The business of raising turkeys

As we prepare for our Thanksgiving Day feasts, a roasted turkey is most likely somewhere in the picture. Whether it’s your job to prepare it, carve it or simply enjoy it, the turkey usually takes center stage at holiday gatherings.

In fact, the National Turkey Federation estimates that approximately 45 million turkeys are eaten at Thanksgiving and 22 million at Christmas.

While most of us only appreciate this bird during the holiday season, for some farmers, turkeys are a year-round business. In 2009, more than 247 million turkeys were raised in the United States; 5.2 million were raised in Ohio.

Dan Eifert, owner of 4EEE Turkey Farm near Celina, OH has been raising turkeys for 40 years and knows what it takes to keep the birds healthy for the 20-plus weeks it takes to get them to market size.

“We hand-feed them for the first week, but turkeys are pretty smart. By the first day, they can find their own feed and their own water,” Eifert said. “The biggest challenge is to get them off to a good start. From day one, the temperature has to be just right, and you have to make sure the airflow is good. They need good air and controlled temperature.”

While turkey farmers like Eifert work hard to raise healthy, nutritious birds for consumers, there are some misconceptions about how the meat is produced in the United States.

The Minnesota Turkey Growers Association debunks some of those misconceptions:
  • The majority of turkeys in the U.S. are raised in barns that are environmentally controlled and scientifically designed to keep the birds comfortable and to protect them from predators, disease and inclement weather.
  • Turkeys are fed a balanced diet of corn, soybeans and essential vitamins and minerals at every stage of their life. Fresh water and feed are available at all times.
  • Turkey farmers do not feed their turkeys hormones or steroids. In fact, all poultry in the U.S. is raised with no added hormones or steroids.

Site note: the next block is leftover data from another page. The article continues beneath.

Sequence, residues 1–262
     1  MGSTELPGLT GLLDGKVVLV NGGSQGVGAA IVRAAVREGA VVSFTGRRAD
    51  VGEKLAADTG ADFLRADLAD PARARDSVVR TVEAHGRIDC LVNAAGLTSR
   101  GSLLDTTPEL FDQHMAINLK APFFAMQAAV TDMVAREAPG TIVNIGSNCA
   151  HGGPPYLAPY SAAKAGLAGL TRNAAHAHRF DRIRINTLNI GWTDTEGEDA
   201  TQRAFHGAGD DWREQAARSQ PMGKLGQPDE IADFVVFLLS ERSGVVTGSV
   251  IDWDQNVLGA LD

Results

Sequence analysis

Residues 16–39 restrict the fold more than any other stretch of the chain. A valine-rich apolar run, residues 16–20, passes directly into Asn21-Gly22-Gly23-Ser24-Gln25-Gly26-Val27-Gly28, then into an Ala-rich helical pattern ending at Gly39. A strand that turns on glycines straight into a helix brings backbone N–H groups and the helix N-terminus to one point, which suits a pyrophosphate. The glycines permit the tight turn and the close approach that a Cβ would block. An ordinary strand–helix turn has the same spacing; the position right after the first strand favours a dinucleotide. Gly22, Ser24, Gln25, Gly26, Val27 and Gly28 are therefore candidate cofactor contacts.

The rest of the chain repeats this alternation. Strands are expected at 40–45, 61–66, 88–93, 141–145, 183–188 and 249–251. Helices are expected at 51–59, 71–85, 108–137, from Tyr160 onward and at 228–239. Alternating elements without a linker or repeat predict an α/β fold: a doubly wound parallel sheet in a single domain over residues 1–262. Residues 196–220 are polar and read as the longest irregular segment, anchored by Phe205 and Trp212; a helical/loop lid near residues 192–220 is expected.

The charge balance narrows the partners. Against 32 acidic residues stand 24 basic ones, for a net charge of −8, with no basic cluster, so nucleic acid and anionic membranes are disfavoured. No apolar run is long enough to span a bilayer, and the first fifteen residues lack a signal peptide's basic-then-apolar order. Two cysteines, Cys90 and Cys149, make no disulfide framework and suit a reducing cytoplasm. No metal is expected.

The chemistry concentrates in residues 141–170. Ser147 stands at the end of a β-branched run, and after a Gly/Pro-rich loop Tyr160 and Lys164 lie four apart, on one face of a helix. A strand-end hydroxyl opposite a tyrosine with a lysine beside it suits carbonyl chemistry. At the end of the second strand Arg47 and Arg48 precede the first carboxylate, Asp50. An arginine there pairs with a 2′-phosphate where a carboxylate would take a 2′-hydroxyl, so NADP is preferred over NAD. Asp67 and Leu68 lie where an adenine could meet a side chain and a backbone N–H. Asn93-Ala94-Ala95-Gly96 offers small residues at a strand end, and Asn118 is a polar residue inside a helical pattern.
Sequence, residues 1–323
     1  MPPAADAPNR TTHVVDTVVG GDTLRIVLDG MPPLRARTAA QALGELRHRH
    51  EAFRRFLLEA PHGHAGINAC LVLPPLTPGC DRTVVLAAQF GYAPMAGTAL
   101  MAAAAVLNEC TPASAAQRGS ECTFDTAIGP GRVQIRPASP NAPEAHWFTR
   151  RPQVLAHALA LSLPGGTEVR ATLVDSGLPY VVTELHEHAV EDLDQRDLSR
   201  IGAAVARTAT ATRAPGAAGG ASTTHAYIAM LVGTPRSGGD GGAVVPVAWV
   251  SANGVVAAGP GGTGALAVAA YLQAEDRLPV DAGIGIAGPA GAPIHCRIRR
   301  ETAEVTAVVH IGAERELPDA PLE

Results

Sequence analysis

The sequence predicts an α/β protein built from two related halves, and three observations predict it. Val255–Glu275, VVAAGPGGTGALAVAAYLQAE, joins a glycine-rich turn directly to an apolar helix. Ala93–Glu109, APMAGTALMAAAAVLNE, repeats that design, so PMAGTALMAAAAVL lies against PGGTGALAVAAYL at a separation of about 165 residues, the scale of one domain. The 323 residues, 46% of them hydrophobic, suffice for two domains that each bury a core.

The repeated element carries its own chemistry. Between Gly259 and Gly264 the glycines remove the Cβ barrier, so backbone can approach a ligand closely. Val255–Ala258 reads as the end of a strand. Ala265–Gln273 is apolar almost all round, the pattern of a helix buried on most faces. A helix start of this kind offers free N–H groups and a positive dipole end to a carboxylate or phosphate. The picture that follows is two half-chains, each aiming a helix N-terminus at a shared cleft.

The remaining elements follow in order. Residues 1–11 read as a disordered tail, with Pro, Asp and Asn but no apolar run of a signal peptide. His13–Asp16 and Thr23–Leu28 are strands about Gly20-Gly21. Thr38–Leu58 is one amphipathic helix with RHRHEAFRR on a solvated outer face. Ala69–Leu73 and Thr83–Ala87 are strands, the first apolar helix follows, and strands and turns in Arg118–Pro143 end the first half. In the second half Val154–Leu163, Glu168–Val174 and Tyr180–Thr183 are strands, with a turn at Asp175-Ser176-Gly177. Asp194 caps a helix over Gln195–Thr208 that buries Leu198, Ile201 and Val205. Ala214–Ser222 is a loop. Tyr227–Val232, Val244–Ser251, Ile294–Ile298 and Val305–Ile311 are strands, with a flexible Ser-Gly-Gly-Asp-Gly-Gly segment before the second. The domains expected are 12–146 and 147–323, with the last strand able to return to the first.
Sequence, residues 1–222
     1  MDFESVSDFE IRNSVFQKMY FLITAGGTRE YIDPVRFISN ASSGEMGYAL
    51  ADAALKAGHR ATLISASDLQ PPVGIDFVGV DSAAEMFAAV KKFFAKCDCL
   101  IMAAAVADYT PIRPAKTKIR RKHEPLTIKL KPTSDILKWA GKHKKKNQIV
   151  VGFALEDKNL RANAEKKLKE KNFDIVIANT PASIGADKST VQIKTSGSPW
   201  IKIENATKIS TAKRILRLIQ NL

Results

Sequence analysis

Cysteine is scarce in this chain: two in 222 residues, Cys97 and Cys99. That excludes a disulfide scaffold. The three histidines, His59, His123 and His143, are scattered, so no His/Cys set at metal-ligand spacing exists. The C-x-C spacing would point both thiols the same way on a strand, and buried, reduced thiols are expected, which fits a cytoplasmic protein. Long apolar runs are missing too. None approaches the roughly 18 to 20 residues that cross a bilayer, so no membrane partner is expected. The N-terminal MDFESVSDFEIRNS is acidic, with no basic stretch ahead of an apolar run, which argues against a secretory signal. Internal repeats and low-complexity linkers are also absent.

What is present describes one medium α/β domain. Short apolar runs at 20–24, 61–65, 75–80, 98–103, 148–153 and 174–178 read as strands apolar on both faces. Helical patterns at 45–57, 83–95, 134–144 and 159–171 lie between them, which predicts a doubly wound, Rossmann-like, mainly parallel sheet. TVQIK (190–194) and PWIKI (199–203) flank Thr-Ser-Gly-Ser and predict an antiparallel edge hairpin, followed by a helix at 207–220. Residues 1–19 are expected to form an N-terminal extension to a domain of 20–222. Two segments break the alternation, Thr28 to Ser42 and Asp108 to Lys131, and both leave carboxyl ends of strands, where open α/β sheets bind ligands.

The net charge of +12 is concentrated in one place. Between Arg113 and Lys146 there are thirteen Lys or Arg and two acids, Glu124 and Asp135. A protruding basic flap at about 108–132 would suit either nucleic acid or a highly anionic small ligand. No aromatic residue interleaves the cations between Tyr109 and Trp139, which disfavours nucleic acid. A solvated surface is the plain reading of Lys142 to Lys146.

• Most turkeys are treated with antibiotics, as needed, when they aren’t feeling well (Turkeys labeled “antibiotic-free” at the supermarket are not treated with antibiotics).
Turkey farmers, like the majority of farmers, are good stewards of the land. According to the National Turkey Federation, the protection and proper use of natural resources is an important objective for the turkey industry.

Turkey Production and Land Use (National Turkey Federation):
  • Because of the intensive nature of modern turkey husbandry, very little land is actually devoted to production. The biggest potential impact is from the use of the bedding material used in turkey production houses, known as litter.
  • Litter is rich in nutrients, such as nitrogen, and is recycled as an organic fertilizer on farm fields.
  • Careful management ensures that litter is used in accordance with the nutritional needs of crops so that nutrient enrichment of groundwater and surface water is eliminated or minimized.
The turkey industry has grown during the past two decades from a single-product, holiday- oriented business into a fully integrated industry with a robust product line that competes with other protein products on a year-round basis.

So, when you sit down at your table this year and pile your plate high with all of those Thanksgiving Day favorites, like that carved turkey, take a moment and give thanks to the farmer who raised it.

I wish you and your families a Happy Thanksgiving!

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